Bradley: The middle Olivaw child, and also loosely based on my middle son with the same name. As in reality, he has a strong case of middle child syndrome. Always feeling under-loved and under-appreciated, he is forced to take his own path throughout the series. In Nursery, he comes full circle, breaking free from his solo take on the universe vibes. We follow him on his journey as he embraces and butts heads with his family, in his very own Bradley way. And no book would be complete without some solid brotherly fights.

Zachary: The youngest of the three Olivaw children is loosely based on my youngest son. Remember, I started writing this series over ten years ago. That would make him three years old when I started. While I had no idea what he’d become, I started his character with his playful young self and evolved him as my real son aged. Throughout the series, I peppered in his personality quirks into the character, in hopes that some day when he read the books he’d notice them. Either way, he was the brains of the family, and in Nursery his role is played out in spades. From battle and contingency planning, to the burden of making hard decisions while his sister is out of contact. His journey in this final book may not be as physically grueling as his siblings’, but emotionally, it’s equally as intense.

Ibu: The Nanil character was a stretch for me. Writing the role of an androgynous alien in Discovery was challenging, but when I gave them room to stretch in Graveyard, I really loved how they evolved. That fondness led me to me include the sixth book. The Olivaws are Ibu’s found family, and in this epic closing book, you get to see them come literal full circle on their path to self discovery. I won’t give anything away, but you’ll find out the journey they have in store pretty quick in the opening few chapters of Nursery. There’s no fitting way to narrate it that didn’t include their Zhen blades.

Joyce: She was one of my favorite characters from Isolation, so bringing her back in Generations, Beacon, and Nursery was a no-brainer. She wasn’t a brainwashed Olivaw, and the last you saw her, she was unabashedly in camp Hera. While I can’t say if that’s how Nursery played out, helping her get closure on her past was a huge part of her story line. The events that transpired in book one have been looming over her character since the ending of her first scene. Every moment of her life since then had either been in service to her colonist family or in service to that event. Well, in Nursery she gets to take on her every wish in spades, and with an alien twist. I promise I won’t say more than that. She was a fun character to develop for sure, and while she isn’t based on any one person in my life, she has hints of a few people. From her tenacity and persistence, to her unapologetic nature, she’s everything a good leader needs to be, but rarely is.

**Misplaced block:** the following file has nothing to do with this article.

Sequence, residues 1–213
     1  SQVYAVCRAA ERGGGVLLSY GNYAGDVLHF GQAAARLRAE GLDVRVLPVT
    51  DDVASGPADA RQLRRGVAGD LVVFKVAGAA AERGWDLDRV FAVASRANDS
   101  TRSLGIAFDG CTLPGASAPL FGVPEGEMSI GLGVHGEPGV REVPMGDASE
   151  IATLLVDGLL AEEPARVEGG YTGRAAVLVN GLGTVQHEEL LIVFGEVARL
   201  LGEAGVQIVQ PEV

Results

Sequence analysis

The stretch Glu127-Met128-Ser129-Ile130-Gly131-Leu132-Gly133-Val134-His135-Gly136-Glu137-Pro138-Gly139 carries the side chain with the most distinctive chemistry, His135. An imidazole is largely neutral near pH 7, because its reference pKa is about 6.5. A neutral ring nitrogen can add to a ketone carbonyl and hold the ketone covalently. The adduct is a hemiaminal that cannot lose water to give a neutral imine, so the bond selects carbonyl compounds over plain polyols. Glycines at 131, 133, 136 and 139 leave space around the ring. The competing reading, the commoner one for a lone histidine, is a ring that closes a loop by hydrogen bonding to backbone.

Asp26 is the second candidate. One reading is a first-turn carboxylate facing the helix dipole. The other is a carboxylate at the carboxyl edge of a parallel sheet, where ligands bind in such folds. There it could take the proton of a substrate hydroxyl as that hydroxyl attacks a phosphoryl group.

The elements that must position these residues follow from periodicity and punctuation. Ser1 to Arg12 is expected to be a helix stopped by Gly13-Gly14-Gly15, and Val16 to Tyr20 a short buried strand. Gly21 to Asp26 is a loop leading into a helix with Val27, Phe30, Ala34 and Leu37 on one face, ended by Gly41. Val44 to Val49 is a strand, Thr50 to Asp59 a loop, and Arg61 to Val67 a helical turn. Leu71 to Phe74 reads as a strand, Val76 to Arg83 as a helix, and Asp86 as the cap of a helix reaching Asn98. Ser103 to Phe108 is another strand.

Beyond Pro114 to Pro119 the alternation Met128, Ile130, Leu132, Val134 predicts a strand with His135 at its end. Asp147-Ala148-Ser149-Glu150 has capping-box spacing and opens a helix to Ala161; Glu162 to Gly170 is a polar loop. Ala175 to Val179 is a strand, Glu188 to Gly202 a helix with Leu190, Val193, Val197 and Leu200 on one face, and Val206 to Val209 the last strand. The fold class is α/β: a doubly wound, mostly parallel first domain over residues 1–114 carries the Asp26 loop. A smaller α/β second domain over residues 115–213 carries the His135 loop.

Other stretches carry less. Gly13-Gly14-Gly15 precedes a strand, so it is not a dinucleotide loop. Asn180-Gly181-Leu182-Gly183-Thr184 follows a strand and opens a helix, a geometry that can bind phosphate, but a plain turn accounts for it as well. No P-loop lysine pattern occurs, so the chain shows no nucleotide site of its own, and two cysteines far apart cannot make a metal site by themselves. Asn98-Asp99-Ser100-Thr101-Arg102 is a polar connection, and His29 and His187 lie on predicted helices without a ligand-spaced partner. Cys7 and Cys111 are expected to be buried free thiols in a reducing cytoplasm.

Lync: Last but not least we get to our favorite Ulixi friend. I wrote her short story before I even started Dark Nebula. Something about a band of nomads living among the trojans planetesimals of Jupiter was an idea that just came to me one day. It was mysterious and yet futuristic. How I took that nomadic family and twisted it into the Ulixi was pure and simple accident. There, I said it. I don’t even know what came to me in Isolation when I wrote the scene in the ceremonial chamber. It wasn’t at all part of my outline, but as I wrote it, it just flowed. I have no idea why or what brought it on, but it added a whole new supernatural angle to the story line. That worried me at first. I didn’t want this to turn into a fantasy knockoff with wizards, but I did like the ideas of being part of something bigger than ourselves. It’s a trope as old as time. The idea that there was some untapped part of humanity that the Ulixi were able to unlock, it was exciting. Lync was my vehicle to make that happen, and she was wrapped up in family quirks and secrets of her own. She’s a badass pilot who really gets some epic page time in Nursery, piloting her Nyílak fighter.

Do you have any closing remarks?

When I look back on the series and how it unfolded, I can’t help be in awe. Ten years ago, I would have never imagined that I’d write over one thousand words, let alone one million words. My self-doubt held me back from writing for decades. In case it’s not obvious, that opening line in book one has a more profound meaning for me than just for Abigail. All too often in life, we let our lesser opinion of ourselves prevent us from reaching for the stars (pun intended). Dark Nebula is about my voyage to unlock my inner author.

What’s next?

The series’ conclusion is bittersweet, but I’m eager to explore new projects. While I’ll miss these characters, I won’t rule out revisiting them in the future. In the meantime, I’m excited about my Elemental Portals Tetralogy and other upcoming books, spanning genres from techno-thrillers to Isekai.

The End

There, I wrote it. Dark Nebula is done.

If you haven’t already grabbed it, you can pick up Book 1 of the Dark Nebula series (Isolation) for FREE.